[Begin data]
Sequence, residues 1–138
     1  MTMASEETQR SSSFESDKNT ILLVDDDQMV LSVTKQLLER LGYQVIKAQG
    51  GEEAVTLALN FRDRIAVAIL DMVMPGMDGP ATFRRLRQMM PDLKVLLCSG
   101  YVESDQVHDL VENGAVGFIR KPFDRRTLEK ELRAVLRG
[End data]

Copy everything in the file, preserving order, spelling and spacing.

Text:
Sequence, residues 1–138
     1  MTMASEETQR SSSFESDKNT ILLVDDDQMV LSVTKQLLER LGYQVIKAQG
    51  GEEAVTLALN FRDRIAVAIL DMVMPGMDGP ATFRRLRQMM PDLKVLLCSG
   101  YVESDQVHDL VENGAVGFIR KPFDRRTLEK ELRAVLRG